But Putz said that when James Naismith, the Christian who invented basketball, was asked about Grange, he said any college athletes going to play professionally were simply doing what coaches had already done.

“He saw early on the way college sports were already commercialized,” Putz said.

Small potatoes at smaller schools

Most Christian college students aren’t going to see big NIL deals. According to Jessop, Pepperdine students tend to get in-kind deals on things like sunglasses.

One estimate in 2021 put Division III athletes’ average NIL compensation at $47 a year. That has likely increased as students become more entrepreneurial, but the bulk of NIL money goes to football programs at the Power Five schools, which have drawn over $595 million in NIL funding in the past three years according to Opendorse.

Most Christian college sports programs are Division II, Division III, or part of the National Association of Intercollegiate Athletics, a conference for smaller colleges. The combined NIL football program earnings for all schools across those programs was estimated at around a half-million dollars.

Baylor, one of the only Christian schools in the Power Five conferences, reports that more than half of its student athletes have NIL deals. Smaller schools might not have the resources to hire agencies to help students with deals, as some larger Christian colleges have done.

Tim Schoonveld, the athletic director at Hope College, a NCAA Division III school, has 550 student athletes, and he estimates 15 of them have some kind of NIL deal. But they aren’t Nike ads.

“Maybe the local restaurant will give you a meal a week if you tweet about them,” he said. “That’s the limited stuff we get.”

That’s by design. Division III athletes, like those at Hope, don’t receive athletic scholarships; the benefit is that they have more time to focus on school and don’t lose their financial aid package if they step off the team.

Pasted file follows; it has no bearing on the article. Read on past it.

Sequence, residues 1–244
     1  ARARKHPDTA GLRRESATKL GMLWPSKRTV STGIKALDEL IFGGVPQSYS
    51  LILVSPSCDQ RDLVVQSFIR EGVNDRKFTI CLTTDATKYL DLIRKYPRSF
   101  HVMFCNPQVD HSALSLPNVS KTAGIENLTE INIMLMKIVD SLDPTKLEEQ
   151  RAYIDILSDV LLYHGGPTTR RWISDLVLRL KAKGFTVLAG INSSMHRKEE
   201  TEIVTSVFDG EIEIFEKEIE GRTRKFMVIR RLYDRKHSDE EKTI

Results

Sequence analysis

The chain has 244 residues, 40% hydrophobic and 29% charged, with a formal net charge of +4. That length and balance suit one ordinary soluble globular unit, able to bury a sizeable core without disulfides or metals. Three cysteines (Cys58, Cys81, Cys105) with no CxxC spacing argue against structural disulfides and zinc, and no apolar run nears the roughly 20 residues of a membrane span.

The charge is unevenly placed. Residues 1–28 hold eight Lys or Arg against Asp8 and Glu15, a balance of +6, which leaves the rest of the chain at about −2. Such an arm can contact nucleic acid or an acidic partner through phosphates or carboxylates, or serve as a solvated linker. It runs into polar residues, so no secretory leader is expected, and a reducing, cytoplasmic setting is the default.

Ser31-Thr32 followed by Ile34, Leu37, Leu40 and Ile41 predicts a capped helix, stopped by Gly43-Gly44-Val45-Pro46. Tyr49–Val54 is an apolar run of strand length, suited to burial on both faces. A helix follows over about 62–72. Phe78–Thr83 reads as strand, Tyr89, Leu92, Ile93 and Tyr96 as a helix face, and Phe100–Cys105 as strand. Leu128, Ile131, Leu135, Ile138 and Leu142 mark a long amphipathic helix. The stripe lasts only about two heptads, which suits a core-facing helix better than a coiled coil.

But Schoonveld is happy for student athletes to earn income off their name and image. He thinks schools can help students navigate the ethics of deals; he wants them to balance making deals with being generous as people—engaging with younger fans without expecting compensation, for example.

After the NCAA began allowing NIL deals, Peyton Mansell, then a quarterback at Abilene Christian University, reached out to a local farm and told them he liked their milk, according to the school’s student newspaper The Optimist. Mansell and the farm worked out a partnership, and that experience led him to start his own beef jerky business in 2022, which has taken off.

“Now, being able to return that favor by being on the other side, and being able to say, ‘Hey, I want to sponsor you,’ is really nice,” he told The Optimist. “Especially at a school like ACU, which doesn’t have the national reach like other universities.”

UConn basketball star Paige Bueckers, an outspoken Christian, has a self-imposed requirement that any NIL deal includes a charity or community engagement opportunity. Bueckers was the first college athlete to sign a deal with Gatorade, and Jessop said that women athletes are the “early winners” with NIL because they can establish their own marketing deals when “historically their athletic departments have not marketed them.”

Is NIL spurring transfers?

Another NCAA rule change in recent years that plays into NIL allows student athletes to transfer schools without the penalty of sitting out a season or more. That means bigger schools with more incentives can often recruit top players at any point. Muff, the former college basketball player turned professor, has conversations every week with students who might be wrestling with transferring, often to bigger schools with the possibility of better compensation.

He brings up why it might be good to stay even without the greater NIL incentives, and asks them to think about life outside of sports.

“Because I’m a former student athlete, teaching at the school I played at, the conversations can get deeper,” he said. “That’s my hope for anybody who does come talk to me—that they consider the community they’re leaving.”

Muff did not transfer in part because he became a Christian through the ministry Campus Outreach his sophomore year.

“Having that community that was already built in here, not only with other Christians at school but the church community, that helped a lot,” he said. “People are well within their right to transfer whenever they want to, but instead of being a hired gun, you have the opportunity to be in a family.”

He added: “If they truly believe somewhere else is going to be better for them, go for it. But consider all your options before leaving.”

Jessop said for top athletes, “money talks”—and she thinks the pay-to-play collectives are more responsible for driving transfers than NIL as a concept. But she still thinks students will seek out Christian universities for their values.

And that is where Christians have a unique contribution, Putz said.

“If we’re an athletic program that wants to be a Christian athletic program, how do we connect what’s happening in NIL within a broader structure of a Christian flourishing for student athletes?” said Putz. “NIL presents a laboratory space for figuring out those questions.”